We welcome boarding students beginning in grade six. Every boarding student has the right to expect peace, reasonable privacy, respect for feelings and belongings, and a safe living environment in his or her dorm room. As the dormitory is a student's temporary home, as well as the more permanent home of the dorm faculty, consideration for others and community spirit are vital. When cooperation and understanding prevail, residential life becomes the source of meaningful and lasting friendships.
Every student at TASIS has a faculty Advisor to provide guidance and support. Working with students both individually and in small groups, the Advisor serves as the student's counselor, disciplinarian, friend, role model, and listener. Advisor groups meet regularly and dine together at biweeky family-style dinners. The Advisor, with the close cooperation of the other members of the School's administration and faculty, pulls together information about all aspects of a student's life at school.
A TASIS Proctor provides an essential link between students and faculty within the dorms, strives to welcome new members of the student body, and works to ensure the well-being of students in our school community. Proctors are members of the upper classes in good standing who have applied and been accepted for a leadership role within the school; they are primarily drawn from the senior class—although outstanding juniors are also encouraged to apply.
Students participate in the running of the school through the Student Council. The Student Council is made up of class representatives and officers elected by the student body as a whole. They act as a student voice for ways to improve the school by working with administrators to discuss issues that affect student life. The Student Council makes formal proposals to the administration regarding school policies and fields concerns from students about academic, dorm, discipline, and social issues.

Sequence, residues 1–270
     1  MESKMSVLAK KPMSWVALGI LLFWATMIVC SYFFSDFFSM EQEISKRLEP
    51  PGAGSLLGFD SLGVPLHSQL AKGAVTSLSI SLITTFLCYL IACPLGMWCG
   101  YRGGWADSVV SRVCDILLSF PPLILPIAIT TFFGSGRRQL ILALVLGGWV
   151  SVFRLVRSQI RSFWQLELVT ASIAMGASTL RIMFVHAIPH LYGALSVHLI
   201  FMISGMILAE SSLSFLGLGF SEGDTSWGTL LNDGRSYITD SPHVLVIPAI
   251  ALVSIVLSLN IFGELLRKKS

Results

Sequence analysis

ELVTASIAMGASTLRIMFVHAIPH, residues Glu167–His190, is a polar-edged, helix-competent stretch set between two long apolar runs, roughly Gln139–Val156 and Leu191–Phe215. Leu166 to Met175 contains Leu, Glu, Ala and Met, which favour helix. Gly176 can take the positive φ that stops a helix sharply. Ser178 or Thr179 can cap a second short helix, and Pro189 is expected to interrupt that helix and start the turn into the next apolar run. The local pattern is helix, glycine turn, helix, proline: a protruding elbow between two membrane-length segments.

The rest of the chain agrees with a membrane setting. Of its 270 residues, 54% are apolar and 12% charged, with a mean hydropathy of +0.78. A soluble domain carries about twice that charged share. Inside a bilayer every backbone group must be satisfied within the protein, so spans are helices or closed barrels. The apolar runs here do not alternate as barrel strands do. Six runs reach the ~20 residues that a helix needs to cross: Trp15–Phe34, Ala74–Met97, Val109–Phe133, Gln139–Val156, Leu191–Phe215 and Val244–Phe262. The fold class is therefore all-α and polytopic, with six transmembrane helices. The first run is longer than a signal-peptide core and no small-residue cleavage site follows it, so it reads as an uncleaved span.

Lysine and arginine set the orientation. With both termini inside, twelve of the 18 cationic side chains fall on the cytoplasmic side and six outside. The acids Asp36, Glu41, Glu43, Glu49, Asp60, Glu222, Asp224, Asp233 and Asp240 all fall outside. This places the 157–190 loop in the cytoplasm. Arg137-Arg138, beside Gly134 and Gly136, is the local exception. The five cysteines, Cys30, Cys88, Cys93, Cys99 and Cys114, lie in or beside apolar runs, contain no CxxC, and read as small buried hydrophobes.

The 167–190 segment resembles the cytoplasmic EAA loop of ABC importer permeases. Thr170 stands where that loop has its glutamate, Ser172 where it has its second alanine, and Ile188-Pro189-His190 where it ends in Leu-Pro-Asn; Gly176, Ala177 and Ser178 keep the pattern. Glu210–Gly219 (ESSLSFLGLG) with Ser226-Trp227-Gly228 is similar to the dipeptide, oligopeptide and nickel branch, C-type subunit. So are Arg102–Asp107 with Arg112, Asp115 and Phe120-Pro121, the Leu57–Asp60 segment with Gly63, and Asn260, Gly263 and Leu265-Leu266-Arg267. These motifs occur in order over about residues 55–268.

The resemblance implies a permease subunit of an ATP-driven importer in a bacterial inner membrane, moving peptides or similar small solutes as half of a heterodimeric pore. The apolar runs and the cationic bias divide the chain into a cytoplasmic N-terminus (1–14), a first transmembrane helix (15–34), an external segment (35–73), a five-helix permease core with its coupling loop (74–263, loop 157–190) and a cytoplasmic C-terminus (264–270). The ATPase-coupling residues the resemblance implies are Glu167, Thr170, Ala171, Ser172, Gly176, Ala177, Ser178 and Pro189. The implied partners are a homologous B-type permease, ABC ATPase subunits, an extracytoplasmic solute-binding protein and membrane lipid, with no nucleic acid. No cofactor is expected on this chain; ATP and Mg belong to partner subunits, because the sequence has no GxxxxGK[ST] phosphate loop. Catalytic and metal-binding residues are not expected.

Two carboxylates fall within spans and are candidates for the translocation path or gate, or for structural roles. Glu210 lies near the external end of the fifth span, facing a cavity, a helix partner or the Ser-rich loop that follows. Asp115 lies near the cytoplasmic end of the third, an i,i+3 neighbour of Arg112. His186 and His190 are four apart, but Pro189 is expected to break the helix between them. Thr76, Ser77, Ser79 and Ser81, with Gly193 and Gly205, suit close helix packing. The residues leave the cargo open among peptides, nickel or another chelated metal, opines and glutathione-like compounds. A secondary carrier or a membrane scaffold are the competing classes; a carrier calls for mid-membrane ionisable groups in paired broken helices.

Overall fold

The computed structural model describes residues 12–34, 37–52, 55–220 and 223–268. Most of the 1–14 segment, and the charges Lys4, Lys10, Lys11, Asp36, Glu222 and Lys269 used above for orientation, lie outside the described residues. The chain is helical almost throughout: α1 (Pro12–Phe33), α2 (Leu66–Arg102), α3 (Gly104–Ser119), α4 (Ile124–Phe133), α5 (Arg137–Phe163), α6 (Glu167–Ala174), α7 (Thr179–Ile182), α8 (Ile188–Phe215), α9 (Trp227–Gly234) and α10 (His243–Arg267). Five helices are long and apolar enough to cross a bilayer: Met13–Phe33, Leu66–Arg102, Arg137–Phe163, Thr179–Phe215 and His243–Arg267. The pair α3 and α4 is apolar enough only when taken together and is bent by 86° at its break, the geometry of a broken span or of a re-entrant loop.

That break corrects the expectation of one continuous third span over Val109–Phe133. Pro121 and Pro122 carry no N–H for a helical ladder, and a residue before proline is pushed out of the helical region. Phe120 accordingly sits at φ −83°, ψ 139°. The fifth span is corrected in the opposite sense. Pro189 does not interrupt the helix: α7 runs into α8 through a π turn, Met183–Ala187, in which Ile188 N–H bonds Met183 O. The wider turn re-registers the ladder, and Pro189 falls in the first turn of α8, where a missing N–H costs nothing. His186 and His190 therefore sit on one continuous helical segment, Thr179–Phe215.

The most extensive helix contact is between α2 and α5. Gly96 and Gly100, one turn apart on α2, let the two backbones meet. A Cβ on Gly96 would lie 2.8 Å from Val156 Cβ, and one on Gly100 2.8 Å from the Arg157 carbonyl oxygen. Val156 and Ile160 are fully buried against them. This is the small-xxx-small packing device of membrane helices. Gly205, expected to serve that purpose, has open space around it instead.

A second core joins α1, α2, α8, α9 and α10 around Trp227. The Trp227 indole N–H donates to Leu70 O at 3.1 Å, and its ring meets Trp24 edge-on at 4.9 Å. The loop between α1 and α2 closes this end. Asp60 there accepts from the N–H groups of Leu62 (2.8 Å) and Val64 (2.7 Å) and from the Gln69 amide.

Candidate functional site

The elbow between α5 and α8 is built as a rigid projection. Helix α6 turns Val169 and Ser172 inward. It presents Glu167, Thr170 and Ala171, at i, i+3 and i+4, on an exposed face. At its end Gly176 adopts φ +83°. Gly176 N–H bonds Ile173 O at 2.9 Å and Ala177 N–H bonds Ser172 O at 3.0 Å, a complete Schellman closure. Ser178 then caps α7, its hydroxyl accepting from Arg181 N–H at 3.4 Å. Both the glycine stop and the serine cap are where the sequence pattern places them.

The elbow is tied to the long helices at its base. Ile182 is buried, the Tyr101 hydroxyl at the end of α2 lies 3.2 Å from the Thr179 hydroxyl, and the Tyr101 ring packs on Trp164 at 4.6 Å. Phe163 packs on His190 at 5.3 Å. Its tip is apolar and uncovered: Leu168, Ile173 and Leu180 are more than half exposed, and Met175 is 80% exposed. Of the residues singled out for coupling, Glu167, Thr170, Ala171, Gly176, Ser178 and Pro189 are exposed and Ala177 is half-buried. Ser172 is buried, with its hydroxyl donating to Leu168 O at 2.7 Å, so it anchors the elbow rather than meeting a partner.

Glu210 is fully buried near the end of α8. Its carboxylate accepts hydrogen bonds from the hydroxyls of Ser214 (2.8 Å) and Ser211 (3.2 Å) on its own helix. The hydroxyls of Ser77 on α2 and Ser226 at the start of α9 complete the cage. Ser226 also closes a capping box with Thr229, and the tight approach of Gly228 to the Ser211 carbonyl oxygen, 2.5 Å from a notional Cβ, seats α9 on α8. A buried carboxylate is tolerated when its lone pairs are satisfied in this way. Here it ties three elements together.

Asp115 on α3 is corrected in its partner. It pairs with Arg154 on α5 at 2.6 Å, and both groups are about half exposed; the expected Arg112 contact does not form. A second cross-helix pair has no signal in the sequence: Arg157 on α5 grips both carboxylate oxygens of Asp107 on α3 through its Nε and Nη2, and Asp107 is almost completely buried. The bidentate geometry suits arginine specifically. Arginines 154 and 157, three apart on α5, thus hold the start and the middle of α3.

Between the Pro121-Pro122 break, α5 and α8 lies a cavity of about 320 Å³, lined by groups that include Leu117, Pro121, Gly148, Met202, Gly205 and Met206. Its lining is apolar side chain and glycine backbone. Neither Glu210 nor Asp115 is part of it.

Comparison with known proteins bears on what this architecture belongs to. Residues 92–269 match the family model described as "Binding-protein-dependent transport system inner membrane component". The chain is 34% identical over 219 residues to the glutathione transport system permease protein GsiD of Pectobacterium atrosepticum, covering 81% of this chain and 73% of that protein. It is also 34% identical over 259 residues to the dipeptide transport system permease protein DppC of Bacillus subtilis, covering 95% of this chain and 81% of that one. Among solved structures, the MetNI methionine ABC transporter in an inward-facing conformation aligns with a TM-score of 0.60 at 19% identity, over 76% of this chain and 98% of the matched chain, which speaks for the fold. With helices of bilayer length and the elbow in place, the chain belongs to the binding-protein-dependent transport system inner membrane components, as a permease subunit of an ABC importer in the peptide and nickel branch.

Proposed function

Student Clubs and Extracurricular Activities
In addition to the many opportunities TASIS students have to participate in athletics and the arts, each year there are a variety of clubs on campus dedicated to specialized interests. Recent examples include Model UN, which provides students experience in political debate; the Yearbook Club, which helps chronicles the year; the Social Justice Discussion Group, which aims to foster and uphold an awareness of and discussion about cultural diversity, equality, and inclusion; and the Journalism and Videography Internship, which provides an outlet for student writers, photographers, and videographers.